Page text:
The number one question heading into the Montreal Canadiens' 2015-16 NHL season is a familiar one: "Will Alex Galchenyuk play centre?"
If you asked Marc Bergevin and Michel Therrien, they'd give you the same answer: It's up to Alex.
With the season around the corner, we know one thing for certain, this year Galchenyuk tops the Canadiens' Top 25 Under 25 charts. He's a repeat T25U25 gold medalist, and still has three years to burn on his eligibility.
While Galchenyuk has established himself as an NHLer, there is still of plenty room to grow. He's coming off an impressive year, with 20 goals and 26 assists through 80 games. But most of those games were spent on the wing. Tapping into Galchenyuk's point-per-game potential rests on his ability to transition into a bona fide NHL center.
Scott's first place vote for Gallagher over Galchenyuk is the sole digression from an otherwise unanimous decision. Galchenyuk's skill is unquestionable, but there are certainly some areas of the ice where Gallagher comes out on top. The Habs are well-poised for the future with both players on the roster.
Top 25 Under 25 History
This is Galchenyuk's second straight year at number one, a streak he'll be able to extend over the next three years. At only 21 years old, it will be tough for teammates to usurp Glachenyuk's claim to the top spot. The only prospect under 25 with the upside to do it is Nikita Scherbak, but you have to think his NHL success will come playing alongside Galchenyuk in the not-too-distant future.
The first thing that comes to mind when discussing Galchenyuk is creativity and skill; two things the Canadiens sorely need in their lineup. Galchenyuk has skill to spare, and has left many goalies second-guessing themselves. While we're still waiting for him to undress opposing defencemen on a nightly basis, the talent is definitely there.
He has a particularly strong wrist shot, combined with a quick release that will burn average goaltenders. Look no further than Galchenyuk's hat-trick against the Carolina Hurricanes last year for a sample of his speed and positioning.
And in case you missed it, Galchenyuk's linemates on the ice for his three goals against Carolina were Max Pacioretty and Brendan Gallagher, on a night when he was centering the Habs' top line. Pacioretty, primarily known as a sniper, finally had the chance to tap into his playmaking abilities, and earned the primary assist on every one of those goals. Not bad, but a game does not make a season. After 12 games, the line was dismantled, and Galchenyuk returned to wing, alongside Tomas Plekanec.
Despite his penchant for scoring goals, you have to take note of Galchenyuk's passing record in the NHL. There's no doubt about it, he excels at helping his linemates score.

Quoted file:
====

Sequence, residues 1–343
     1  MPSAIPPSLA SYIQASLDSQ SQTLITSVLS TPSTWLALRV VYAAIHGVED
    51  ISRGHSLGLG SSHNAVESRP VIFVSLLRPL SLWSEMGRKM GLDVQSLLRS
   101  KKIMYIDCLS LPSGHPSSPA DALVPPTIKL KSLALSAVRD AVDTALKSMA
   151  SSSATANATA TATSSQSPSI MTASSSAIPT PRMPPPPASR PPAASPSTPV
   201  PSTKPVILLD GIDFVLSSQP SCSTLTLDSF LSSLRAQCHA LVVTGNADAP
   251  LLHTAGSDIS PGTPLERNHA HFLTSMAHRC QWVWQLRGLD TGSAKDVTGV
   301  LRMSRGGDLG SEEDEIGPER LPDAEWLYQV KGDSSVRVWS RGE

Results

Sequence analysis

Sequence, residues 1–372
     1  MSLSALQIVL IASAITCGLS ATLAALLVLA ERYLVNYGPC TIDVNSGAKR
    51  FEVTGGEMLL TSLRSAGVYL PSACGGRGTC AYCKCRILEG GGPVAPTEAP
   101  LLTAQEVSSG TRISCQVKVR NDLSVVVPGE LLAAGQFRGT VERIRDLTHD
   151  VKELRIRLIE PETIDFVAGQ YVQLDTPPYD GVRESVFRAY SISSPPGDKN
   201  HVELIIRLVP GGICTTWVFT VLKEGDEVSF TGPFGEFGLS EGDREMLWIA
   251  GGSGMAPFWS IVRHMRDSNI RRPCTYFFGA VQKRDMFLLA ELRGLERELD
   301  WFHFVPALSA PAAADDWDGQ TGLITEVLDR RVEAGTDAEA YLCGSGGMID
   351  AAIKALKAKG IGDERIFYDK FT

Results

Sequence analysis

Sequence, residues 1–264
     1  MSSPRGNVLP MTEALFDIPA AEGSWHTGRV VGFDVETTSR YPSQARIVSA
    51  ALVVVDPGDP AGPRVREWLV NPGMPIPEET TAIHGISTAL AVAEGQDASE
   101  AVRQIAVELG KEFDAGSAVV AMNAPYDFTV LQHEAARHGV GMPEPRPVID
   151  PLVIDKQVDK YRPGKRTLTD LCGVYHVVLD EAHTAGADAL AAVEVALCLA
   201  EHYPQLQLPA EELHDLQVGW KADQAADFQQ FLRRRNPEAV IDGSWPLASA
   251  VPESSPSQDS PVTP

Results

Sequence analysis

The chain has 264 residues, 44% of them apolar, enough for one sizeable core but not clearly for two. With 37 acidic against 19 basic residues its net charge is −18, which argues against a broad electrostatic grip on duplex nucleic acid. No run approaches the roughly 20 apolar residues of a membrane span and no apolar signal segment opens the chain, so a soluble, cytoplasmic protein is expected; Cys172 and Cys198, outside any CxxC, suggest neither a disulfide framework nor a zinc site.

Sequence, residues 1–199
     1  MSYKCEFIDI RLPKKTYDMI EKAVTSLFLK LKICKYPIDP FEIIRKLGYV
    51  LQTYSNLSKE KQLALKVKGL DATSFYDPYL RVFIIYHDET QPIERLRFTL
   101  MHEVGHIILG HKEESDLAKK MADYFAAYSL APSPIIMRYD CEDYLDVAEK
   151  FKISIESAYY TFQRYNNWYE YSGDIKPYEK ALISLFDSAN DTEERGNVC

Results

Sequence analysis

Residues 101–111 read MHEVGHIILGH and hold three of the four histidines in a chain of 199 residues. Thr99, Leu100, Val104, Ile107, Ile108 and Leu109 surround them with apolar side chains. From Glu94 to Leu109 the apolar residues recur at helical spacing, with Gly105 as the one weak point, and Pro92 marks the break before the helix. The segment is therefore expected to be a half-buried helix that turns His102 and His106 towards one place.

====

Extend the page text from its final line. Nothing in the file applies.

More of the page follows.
While Galchenyuk's offensive abilities rank among the Canadiens' best, his defensive game requires some attention. A quick look at his HERO chart confirms this. When it comes to playing without the puck, Galchenyuk's impact on his teammates is generally negative when it comes to shots against.
If he's going to play down the middle in 2015-16, he's going to have to commit to supporting his linemates a little more, especially if he hopes to gain his coach's trust.
They say you can teach defense, but you can't teach talent. If Galchenyuk and the Canadiens' coaching staff can nurture the former, they'll be well on their way to finally securing a very important piece of the puzzle.
Galchenyuk is, in my wholehearted opinion, the Canadiens' destined number-one centre. Will there be growing pains? Yes. Would he still produce on the wing? Definitely. But can he take his game to the next level playing behind Pacioretty instead of beside him? I don't believe so.
In comparison, let's check out Tomas Plekanec and David Desharnais' HERO charts. For starters, it's clear that Plekanec seems better suited for the second line role he's filled for most of his career. His impact on linemates isn't all that more impressive than Galchenyuk's, while his individual production lags behind.
And then there's David Desharnais, whose positive impact on linemates far outweighs his individual production. So we find ourselves back to that old chicken and egg debate: credit to Pacioretty or Desharnais?
If it is Desharnais, why not sync him up with forwards who could use the boost (Smith-Pelly and Kassian, I'm looking at you). This would free up Galchenyuk to assume a permanent role on the club's first line.
Either way you ice it, Therrien has options heading into the season barring any trades. Galchenyuk has secured a top-six role, but how much higher can he go?
Maturity and experience will play a factor in his fourth NHL season, and if all goes well we should expect at 50 point season from him. However, 50 would be a mere improvement on his point-per-game pace to date. Can he crack 60? 70? 80!?
Well, that's up to Alex. And, of course, the role he plays this season.